What Is the Most Common Cause of Bronchiectasis?

Reviewed on 3/18/2021

What is bronchiectasis?

Bronchiectasis is a chronic lung condition in which the bronchi (tube-like passageways that transfer air within the lungs) get permanently damaged and widened. The most common causes of bronchiectasis are pneumonia, pertussis, tuberculosis and non-tuberculosis mycobacterium.
Bronchiectasis is a chronic lung condition in which the bronchi (tube-like passageways that transfer air within the lungs) get permanently damaged and widened. The most common causes of bronchiectasis are pneumonia, pertussis, tuberculosis and non-tuberculosis mycobacterium.

Bronchiectasis is a chronic lung condition in which the bronchi (tube-like passageways that transfer air within the lungs) get permanently damaged and widened. Any condition that causes narrowing or damage to the airways can result in bronchiectasis. Around 350,000 to 500,000 people in the United States have bronchiectasis. It is more common in women than in men and the risk of bronchiectasis increases with age in both genders.

Bronchiectasis is more common in women than in men. There are many causes of bronchiectasis, but the condition is most commonly caused by an infection of the airways. Around 40 percent of cases of bronchiectasis have no apparent cause. Such cases are called idiopathic bronchiectasis. Often, repeated infections result in bronchiectasis. These include

Other causes of bronchiectasis include

What are the symptoms of bronchiectasis?

Bronchiectasis is a chronic or long-term condition. The symptoms typically develop gradually over months or years and become worse as the disease progresses. The two classical symptoms of bronchiectasis are cough and daily production of a lot of mucus or sputum. Other symptoms of this condition include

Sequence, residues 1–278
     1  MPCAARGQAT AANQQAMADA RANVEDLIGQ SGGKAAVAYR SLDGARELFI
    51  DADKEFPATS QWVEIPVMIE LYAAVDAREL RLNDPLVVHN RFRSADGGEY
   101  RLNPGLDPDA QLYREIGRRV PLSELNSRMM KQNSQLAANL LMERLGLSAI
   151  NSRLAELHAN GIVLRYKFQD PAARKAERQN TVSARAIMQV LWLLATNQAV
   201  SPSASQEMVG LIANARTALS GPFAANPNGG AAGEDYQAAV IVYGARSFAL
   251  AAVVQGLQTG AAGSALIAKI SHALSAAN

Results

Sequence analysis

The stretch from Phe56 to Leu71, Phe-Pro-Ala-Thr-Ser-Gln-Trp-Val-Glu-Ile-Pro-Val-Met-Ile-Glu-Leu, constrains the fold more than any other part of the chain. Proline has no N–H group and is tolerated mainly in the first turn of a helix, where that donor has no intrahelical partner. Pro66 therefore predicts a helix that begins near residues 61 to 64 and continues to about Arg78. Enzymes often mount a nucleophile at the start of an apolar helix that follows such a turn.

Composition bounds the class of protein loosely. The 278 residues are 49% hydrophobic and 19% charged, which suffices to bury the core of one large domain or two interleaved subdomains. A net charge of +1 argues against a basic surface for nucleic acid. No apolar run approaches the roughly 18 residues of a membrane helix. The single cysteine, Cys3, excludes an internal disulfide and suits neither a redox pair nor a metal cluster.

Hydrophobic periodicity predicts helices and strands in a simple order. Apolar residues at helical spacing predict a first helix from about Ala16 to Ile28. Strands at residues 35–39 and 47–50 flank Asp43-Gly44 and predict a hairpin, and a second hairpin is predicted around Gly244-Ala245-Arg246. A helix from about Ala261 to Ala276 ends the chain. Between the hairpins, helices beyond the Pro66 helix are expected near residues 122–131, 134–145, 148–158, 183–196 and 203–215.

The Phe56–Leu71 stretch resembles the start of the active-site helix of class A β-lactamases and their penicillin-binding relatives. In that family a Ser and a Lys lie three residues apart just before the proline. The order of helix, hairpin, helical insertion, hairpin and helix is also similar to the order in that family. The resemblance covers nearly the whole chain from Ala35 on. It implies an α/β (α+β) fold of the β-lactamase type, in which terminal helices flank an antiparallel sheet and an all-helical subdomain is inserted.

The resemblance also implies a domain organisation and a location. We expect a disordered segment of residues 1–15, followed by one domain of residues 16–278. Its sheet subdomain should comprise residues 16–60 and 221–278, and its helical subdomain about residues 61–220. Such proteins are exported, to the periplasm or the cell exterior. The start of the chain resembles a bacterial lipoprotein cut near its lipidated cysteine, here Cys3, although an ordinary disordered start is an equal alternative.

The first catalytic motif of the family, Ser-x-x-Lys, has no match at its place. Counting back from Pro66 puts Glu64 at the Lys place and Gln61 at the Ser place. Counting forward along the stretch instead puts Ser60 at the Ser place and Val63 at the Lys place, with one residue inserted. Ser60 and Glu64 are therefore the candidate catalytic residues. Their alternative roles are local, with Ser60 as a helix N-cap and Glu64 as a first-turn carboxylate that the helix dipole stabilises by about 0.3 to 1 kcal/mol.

What is the best treatment for bronchiectasis?

Bronchiectasis is a serious condition. In the absence of proper treatment, it can progress to cause permanent lung damage, leading to conditions such as respiratory and heart failure.

The treatment targets include improving symptoms, controlling flare-ups, improving the quality of life and reducing the development of complications. The treatment mainly comprises

  • Management of underlying health conditions
  • Antibiotics to treat infections
  • Mucus-thinning medications
  • Bronchodilators to widen the airways and allow better movement of air
  • Chest physiotherapy and airway clearance devices such as oscillating positive expiratory pressure (PEP) and intrapulmonary percussive ventilation (IPV)
  • Getting the necessary vaccinations (such as pneumococcal vaccines)

Your doctor may also suggest lifestyle changes such as

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References
Medscape Medical Reference

NIH


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